Nearly all of them are happy to openly interact with customers.

The best ones improve at a lightning pace because of their uncanny ability to filter public criticism into useful data.

The indie process

It all starts with a tweet or a LinkedIn post (or even a Reddit post if you’re really after harsh feedback). You announce that you’d like to build something. You pledge to keep your audience in the loop, win or lose. Already, you have more engagement than the majority of targeted marketing campaigns.

Next, you build a landing page. Maybe a simple screengrab explainer video. Maybe a

few blog posts. You post every step to your audience and you invite rigorous feedback. This being the internet, you get what you asked for.

You discuss features. You think out loud about possible paths to success. People start signing up on your landing page. Some out of curiosity, some because you just told them you’d be building a feature they like, some because they simply like you. After all, they’re not used to companies treating them like human beings. Meanwhile, you’re building the product and posting daily updates. Your audience is your boss, your user base, and your accelerator wrapped in one. You probably don’t have a single mentor, but you crowdsource knowledge from other indie hackers and you are happy to return the favor.

Once you’re ready to open up shop, you go all out on promotion. You let your audience know you’ve made your first dollar. You have no qualms about posting daily updates about your revenue. You keep discussing features openly. You take customer support requests whichever way they come — via Twitter mention, private message, email, or carrier pigeon.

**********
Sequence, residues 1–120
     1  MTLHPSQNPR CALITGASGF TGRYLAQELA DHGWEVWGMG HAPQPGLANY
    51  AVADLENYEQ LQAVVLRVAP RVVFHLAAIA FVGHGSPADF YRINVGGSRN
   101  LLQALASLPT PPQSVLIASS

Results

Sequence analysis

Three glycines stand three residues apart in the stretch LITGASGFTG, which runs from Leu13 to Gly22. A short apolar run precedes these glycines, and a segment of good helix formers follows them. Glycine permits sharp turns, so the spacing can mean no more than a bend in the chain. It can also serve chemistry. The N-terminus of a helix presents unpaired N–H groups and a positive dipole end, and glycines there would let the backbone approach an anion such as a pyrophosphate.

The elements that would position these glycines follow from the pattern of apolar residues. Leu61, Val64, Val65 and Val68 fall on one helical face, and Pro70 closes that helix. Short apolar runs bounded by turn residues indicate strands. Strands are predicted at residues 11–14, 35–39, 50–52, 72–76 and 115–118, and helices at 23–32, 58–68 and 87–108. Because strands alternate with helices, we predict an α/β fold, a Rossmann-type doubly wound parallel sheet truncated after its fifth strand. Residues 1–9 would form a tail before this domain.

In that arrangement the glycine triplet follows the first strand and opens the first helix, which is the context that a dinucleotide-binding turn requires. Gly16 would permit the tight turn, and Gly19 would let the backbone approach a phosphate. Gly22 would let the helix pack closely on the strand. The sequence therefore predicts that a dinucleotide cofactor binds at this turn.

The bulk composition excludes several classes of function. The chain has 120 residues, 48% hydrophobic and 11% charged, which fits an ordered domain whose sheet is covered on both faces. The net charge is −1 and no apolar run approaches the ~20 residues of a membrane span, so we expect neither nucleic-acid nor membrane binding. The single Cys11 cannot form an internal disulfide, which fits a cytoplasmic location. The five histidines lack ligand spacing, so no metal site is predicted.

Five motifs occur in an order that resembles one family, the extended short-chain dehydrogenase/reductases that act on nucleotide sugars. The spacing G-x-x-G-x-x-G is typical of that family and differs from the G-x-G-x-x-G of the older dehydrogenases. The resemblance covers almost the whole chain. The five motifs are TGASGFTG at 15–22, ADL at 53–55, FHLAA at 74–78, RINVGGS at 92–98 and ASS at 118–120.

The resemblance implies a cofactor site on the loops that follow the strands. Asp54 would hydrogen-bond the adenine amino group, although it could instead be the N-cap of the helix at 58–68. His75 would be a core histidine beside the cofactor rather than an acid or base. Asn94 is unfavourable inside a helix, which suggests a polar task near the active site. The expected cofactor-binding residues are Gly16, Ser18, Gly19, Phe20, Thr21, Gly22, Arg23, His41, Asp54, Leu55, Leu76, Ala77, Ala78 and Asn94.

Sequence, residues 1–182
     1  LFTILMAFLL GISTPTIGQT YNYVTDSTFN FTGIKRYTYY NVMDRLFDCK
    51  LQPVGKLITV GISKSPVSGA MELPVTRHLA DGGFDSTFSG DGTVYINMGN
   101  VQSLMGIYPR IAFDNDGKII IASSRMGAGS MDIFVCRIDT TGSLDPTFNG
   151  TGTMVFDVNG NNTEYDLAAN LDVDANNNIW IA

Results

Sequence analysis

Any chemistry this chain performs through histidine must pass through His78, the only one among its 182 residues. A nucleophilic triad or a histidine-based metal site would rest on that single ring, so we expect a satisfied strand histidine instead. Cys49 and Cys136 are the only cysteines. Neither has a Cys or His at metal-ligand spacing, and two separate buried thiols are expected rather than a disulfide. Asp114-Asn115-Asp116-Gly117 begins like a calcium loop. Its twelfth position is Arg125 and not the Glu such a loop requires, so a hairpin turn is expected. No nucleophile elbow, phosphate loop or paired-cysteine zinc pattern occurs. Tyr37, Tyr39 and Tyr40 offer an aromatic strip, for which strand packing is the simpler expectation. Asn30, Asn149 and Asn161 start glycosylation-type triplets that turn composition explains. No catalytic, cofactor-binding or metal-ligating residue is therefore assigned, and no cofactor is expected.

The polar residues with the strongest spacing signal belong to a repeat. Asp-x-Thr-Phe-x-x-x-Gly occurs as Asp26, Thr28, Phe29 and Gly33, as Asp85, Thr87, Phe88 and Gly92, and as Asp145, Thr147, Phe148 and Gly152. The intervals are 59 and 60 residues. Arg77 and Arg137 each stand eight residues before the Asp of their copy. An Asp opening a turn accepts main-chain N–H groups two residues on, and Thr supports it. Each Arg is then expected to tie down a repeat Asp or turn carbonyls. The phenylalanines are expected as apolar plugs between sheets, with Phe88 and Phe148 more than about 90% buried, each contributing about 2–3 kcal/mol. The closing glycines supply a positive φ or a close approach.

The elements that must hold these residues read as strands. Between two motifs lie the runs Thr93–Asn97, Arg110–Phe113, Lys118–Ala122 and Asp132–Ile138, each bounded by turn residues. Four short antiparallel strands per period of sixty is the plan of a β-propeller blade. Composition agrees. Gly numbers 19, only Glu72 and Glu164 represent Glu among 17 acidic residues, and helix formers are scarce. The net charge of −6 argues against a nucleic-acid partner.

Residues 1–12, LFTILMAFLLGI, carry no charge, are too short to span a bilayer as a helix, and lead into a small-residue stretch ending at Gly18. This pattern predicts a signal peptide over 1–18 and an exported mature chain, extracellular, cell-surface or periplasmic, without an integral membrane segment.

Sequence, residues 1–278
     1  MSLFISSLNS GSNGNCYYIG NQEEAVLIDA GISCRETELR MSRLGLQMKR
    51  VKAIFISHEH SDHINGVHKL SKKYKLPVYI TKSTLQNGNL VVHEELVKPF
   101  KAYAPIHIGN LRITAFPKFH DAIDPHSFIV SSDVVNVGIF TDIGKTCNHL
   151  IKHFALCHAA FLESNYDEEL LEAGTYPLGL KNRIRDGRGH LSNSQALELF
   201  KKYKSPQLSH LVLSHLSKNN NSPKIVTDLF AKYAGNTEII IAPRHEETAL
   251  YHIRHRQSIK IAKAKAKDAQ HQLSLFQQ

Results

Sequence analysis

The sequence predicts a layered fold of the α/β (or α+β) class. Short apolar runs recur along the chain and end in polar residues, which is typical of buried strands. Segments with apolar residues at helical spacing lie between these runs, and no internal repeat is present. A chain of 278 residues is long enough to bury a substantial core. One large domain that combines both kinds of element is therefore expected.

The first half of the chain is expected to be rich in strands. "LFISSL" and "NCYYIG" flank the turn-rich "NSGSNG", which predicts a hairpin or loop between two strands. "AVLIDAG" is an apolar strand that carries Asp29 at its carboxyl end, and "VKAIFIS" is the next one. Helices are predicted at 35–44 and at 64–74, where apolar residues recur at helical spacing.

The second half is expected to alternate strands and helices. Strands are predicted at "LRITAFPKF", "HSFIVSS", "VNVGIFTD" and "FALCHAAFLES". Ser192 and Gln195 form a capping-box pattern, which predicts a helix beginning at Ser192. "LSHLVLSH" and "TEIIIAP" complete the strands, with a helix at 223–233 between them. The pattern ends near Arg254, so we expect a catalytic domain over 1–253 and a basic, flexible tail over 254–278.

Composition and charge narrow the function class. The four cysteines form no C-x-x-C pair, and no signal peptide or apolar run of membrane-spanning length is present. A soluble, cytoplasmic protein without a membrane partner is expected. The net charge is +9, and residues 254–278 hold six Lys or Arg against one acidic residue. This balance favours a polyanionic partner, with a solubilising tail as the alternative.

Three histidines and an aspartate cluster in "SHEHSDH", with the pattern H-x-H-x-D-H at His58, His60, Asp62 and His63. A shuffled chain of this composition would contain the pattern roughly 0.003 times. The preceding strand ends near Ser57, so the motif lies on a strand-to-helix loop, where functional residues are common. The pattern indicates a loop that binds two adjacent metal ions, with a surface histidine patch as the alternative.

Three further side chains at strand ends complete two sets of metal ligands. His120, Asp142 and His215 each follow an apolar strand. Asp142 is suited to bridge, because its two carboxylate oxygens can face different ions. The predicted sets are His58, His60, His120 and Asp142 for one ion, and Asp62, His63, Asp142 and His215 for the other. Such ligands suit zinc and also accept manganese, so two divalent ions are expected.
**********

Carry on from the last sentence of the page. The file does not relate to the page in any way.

Or, you fail at any one of the steps above. No biggie. You’ve gained followers, experience, and reputation. On to the next idea.

You’re leaner than the leanest startups ever were.


Handling failure is easy with so little to lose. But how do you handle success?

Sudden growth can overwhelm even the most industrious indie hacker. This is where they approach a crossroads: transform or stagnate.

It is technically easy to expand an indie project into a full-blown startup if you so desire. The first tricky bit is letting go of a part of something that was your brainchild. The second tricky bit is putting a team together. Getting funding is the third.

Still, all three tricky parts are easier if you’ve got a working product and enthusiastic customers compared to when all you’ve got is an idea and an enthusiastic pitch.

Indie hackers who decide to form a team often seek cofounders among other indie hackers that they follow and interact with.

What the future holds

Flexibility and adaptability are valuable qualities in a remote-first world. And, make no mistake, this paradigm has shifted already — the world has gone remote because of the pandemic, but it won’t go back when the pandemic is over.

Indie hackers are nothing if not flexible and adaptable. Some investors and accelerators are already taking notice. Various platforms are emerging that cater to this group of superlean entrepreneurs — from websites that allow you to list and promote your indie product to marketplaces where you can sell it.

Eventually, great, billion-dollar successes will emerge from this primordial soup of ideas and hustle. Then, the whole world will take notice.